The central Salem River in New Jersey is subject to periods of water-quality impairment, marked by elevated concentrations of phosphorus and chlorophyll-a, and low concentrations of and large diurnal swings in concentrations of dissolved oxygen. These seasonal eutrophic conditions are controlling factors for water quality in lower reaches, where the river is more lacustrine than in upper reaches, as a result of downstream damming. This biological productivity is supported by nutrient wash-off from agricultural areas in the surrounding watershed. To investigate this impairment, flow measurement and water-quality sampling were conducted during 2007–08 in support of development of a one-dimensional surface-water-quality model that simulates nutrient cycling and transformation processes.
The U.S. Geological Survey, in cooperation with the New Jersey Department of Environmental Protection, used the U.S. Environmental Protection Agency Water Quality Analysis Simulation Program (WASP) to develop a receiving-water-quality model of the central Salem River between Woodstown and Deepwater, New Jersey, from April 2007 to October 2008. The main-stem river and largest tributary were simulated. In the flow model, kinematic wave flow is used to simulate flow in upper reaches and ponded weir flow is used to simulate flow in lower reaches. The water-quality model makes use of a mass-balance equation to simulate the fate and transport of nutrients, phytoplankton chlorophyll-a, dissolved oxygen, and oxygen demands (an indicator rather than a substance) in the river. Model input included channel characteristics, boundary conditions for flow and water quality, environmental parameters, vertical dispersion coefficients, settling rates, and kinetic constants. Inputs were estimated where field data were lacking, notably for tributary flows and nutrient loads.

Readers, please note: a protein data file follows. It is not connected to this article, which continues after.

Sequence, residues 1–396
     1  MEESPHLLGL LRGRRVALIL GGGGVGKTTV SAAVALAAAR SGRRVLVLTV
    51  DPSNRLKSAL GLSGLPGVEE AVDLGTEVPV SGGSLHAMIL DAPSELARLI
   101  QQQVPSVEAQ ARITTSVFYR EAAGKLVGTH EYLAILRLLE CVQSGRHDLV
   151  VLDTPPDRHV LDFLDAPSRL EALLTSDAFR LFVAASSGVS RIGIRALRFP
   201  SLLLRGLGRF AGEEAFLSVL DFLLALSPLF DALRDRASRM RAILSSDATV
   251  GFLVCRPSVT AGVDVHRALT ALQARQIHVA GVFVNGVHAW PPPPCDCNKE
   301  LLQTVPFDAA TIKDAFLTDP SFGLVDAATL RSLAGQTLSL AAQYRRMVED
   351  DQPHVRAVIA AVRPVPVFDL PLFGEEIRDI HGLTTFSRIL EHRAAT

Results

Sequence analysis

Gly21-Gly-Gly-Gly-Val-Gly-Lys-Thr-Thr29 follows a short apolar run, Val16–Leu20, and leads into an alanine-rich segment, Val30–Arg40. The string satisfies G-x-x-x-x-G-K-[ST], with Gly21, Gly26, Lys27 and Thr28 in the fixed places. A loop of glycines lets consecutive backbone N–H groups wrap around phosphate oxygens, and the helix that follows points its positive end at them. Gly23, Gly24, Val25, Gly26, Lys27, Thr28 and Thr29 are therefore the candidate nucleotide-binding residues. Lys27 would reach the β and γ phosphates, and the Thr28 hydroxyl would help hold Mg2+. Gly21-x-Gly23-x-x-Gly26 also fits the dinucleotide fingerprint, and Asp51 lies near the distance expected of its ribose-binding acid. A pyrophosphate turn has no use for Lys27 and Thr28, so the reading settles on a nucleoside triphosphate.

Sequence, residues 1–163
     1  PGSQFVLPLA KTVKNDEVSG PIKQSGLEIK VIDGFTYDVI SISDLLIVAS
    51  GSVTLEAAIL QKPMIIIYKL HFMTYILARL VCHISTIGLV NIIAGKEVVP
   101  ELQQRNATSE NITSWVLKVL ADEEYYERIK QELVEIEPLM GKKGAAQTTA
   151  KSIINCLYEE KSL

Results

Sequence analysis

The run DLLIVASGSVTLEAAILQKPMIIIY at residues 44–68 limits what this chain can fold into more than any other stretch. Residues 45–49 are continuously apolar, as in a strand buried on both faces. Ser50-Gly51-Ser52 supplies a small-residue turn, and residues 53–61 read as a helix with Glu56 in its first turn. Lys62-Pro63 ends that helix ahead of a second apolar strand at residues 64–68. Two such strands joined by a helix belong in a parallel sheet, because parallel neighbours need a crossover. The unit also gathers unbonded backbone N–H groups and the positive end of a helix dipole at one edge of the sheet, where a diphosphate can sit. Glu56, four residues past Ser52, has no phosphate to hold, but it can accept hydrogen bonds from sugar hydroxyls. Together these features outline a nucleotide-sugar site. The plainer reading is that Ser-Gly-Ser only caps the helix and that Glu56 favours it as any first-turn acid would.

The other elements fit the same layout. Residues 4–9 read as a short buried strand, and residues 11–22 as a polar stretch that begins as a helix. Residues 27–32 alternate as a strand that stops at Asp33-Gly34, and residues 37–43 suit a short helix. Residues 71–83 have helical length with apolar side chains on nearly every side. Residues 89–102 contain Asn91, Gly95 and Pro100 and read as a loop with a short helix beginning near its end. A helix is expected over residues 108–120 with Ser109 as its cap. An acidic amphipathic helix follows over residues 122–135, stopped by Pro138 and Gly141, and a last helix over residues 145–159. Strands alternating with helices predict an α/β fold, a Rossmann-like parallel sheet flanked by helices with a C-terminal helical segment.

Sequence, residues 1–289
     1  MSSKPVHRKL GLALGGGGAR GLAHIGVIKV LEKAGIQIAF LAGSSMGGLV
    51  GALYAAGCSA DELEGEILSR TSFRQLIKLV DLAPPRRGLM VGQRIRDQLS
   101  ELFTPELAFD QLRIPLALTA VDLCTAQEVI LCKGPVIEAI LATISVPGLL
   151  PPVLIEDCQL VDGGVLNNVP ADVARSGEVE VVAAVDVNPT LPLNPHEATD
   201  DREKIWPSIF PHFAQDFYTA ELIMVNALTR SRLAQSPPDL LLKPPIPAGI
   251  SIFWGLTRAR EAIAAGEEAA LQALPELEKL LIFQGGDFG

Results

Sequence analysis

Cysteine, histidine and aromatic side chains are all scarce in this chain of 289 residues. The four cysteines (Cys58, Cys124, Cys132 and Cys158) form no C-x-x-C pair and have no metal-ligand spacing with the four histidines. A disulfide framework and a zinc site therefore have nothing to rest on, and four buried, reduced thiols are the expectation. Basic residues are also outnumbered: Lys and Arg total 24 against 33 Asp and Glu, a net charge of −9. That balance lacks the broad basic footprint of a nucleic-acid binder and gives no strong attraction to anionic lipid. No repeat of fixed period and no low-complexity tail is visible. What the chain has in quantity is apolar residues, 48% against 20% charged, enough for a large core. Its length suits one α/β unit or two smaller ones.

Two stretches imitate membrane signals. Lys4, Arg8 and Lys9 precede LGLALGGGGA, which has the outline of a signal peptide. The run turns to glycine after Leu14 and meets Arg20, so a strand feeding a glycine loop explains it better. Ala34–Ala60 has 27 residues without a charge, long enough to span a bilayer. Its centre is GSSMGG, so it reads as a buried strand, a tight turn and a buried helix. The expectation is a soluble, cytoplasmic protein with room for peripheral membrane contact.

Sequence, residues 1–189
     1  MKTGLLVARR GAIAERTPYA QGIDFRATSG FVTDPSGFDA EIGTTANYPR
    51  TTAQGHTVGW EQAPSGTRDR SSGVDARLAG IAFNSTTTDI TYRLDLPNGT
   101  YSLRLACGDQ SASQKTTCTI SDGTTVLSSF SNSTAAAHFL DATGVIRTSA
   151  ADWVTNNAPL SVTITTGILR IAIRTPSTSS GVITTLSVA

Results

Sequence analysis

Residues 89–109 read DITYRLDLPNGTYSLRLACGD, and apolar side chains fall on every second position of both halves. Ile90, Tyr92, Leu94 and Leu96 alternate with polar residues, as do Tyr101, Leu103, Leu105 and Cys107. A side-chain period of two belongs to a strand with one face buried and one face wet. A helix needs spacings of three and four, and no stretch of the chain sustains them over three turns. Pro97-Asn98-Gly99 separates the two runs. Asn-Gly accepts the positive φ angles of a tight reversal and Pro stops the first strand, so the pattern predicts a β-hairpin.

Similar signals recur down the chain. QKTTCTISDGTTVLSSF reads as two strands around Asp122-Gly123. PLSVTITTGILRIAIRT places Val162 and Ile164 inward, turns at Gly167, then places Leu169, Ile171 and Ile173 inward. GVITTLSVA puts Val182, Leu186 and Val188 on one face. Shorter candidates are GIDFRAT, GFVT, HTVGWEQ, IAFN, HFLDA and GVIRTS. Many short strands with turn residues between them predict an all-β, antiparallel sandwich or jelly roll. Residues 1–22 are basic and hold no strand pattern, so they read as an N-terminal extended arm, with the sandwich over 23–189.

The model was calibrated to observed flow variables and concentrations of dissolved oxygen, chlorophyll-a, and nutrients at sampling locations, with emphasis on growing-season conditions. Calibration was achieved through graphical and statistical comparison of simulated results to observed data. Sensitivity analyses were performed, and model limitations and applicability were evaluated. Simulated results closely matched observed data in most cases, although some were overpredicted slightly. The most important causes of overprediction were estimated tributary flows for the flow model and estimated tributary watershed loads for the water-quality model. Calibration of dissolved-oxygen concentrations was closer, and predicted diurnal variations were consistent with high algal photosynthesis/respiration, although lack of continuous dissolved-oxygen data precluded verifying these predictions. A similar caveat applies to predicted diurnal variations in chlorophyll-a. Simulated limitations on algal growth were consistent with those based on observed data and indicated phosphorus was the main limiting nutrient, except during certain periods when nitrogen was limiting.
Two water-quality management scenarios were simulated with the model to assess the effect of point- and nonpoint-source nutrient reductions on water-quality conditions in the river. Scenarios involved (1) a return of watershed land use to predevelopment natural conditions and (2) an extreme reduction in nutrient input. Although the extreme-nutrient-reduction scenario yielded improvements in water quality, the natural-conditions scenario yielded the largest improvements as indicated by minimal violations of surface-water-quality standards or thresholds. However, years may be needed to attain the full benefit of these management scenarios as a result of accumulation of phosphorus and organic carbon in riverbed sediments in lacustrine reaches. The results of this study indicate that the quality of water in the central Salem River will improve if management policies that mitigate the effects of nutrient-loading practices in the watershed, particularly those related to agriculture, are implemented.
|Title||Simulation of flow and eutrophication in the central Salem River, New Jersey|
|Authors||Frederick J. Spitz, Vincent T. DePaul|
|Publication Subtype||USGS Numbered Series|
|Series Title||Scientific Investigations Report|
|Record Source||USGS Publications Warehouse|
|USGS Organization||New Jersey Water Science Center|
Frederick J Spitz
Frederick J Spitz